In the latter half of the book, Leithart waxes theological and deals with complaints by the theologian John Howard Yoder about the “heresy” of Constantinianism. Yoder claims that during Constantine’s reign, the Church was knocked off its Biblical trajectory and “fell” in such a way that it has never recovered. His three main issues with Constantinianism are: (1) it identified the nation/empire with the purposes of God (instead of the Church) and thus distorted the mission of the Church; (2) it destroyed the non-imperialist stance that the early Church had adhered to; and (3) it destroyed the early Church’s commitment to pacifism.
Leithart decimates these arguments in reverse order, showing that the history underpinning Yoder’s arguments is shaky at best. A shift in emphasis did occur during Constantine’s rule, but it was not the open break with the past that Yoder postulates, and much of the change can be seen as the difference between the Church in exile and the Church come into the promise land.
To me, the most interesting section was where Leithart refuted the claim that the pre-Constantine Church was unreservedly pacifist:
[T]he church was never united in an absolute opposition to Christian participation in war; the opposition that existed was in some measure circumstantial, based on the fact that the Roman army demanded sharing in religious liturgies that Christians refused; and once military service could be pursued without participating in idolatry, many Christians found military service a legitimate life for a Christian disciple.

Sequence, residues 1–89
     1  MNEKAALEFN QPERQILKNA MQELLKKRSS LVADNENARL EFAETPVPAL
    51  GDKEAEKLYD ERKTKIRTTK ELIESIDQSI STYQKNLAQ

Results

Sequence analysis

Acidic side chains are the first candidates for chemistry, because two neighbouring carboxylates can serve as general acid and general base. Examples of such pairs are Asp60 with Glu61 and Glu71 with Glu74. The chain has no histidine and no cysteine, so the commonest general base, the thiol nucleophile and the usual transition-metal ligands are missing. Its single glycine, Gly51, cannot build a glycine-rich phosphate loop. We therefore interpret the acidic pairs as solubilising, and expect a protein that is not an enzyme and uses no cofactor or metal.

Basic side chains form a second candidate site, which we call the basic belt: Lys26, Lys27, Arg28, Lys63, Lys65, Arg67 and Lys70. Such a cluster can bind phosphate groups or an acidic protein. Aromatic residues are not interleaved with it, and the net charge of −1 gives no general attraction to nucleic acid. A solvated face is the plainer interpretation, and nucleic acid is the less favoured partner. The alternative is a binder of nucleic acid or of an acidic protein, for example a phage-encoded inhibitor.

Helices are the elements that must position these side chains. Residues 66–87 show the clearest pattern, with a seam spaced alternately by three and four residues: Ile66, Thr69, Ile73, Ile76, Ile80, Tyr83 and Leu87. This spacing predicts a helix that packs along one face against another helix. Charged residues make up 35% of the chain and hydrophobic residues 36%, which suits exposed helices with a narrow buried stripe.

Constantine did not seduce Christians into the military; he allowed them to become part of it by removing the ritual of pagan oaths and sacrifice that earlier emperors had demanded of their soldiers.
Leithart concludes his book by applying the analogy of infant baptism to what happened to Rome under the rule of Constantine:
In the end it all comes round to baptism, specifically to infant baptism. Rome was baptized in the fourth century. Eusebian hopes notwithstanding, it was not instantly transformed into the kingdom of heaven. It did not immediately become the city of God on earth. Baptism never does that. It is not meant to. Baptism sets a new trajectory, initiates a new beginning, but every beginning is the beginning of something. Through Constantine, Rome was baptized into a world without animal sacrifice and officially recognized the true sacrificial city, the one community that does offer a foretaste of the final kingdom. Christian Rome was in its infancy, but that was hardly surprising….
And what about John Howard Yoder and those other theologians that our long-dead Constantine needs defending against?
For Yoder, Rome was not radically Christian, Rome’s adherence to the faith was infantile, and because of that, he reasons, it was not Christian at all but apostate. He failed, as Augustine said against Pelagius, to give due weight to “the interim, the interval between the remission of sins which takes place in baptism, and the permanently established sinless state in the kingdom that is to come, this middle time of prayer, while [we] must pray, ‘Forgive us our sins.'” He failed to acknowledge that all–Constantine, Rome, ourselves–stand in medial time, and yet are no less Christian for that.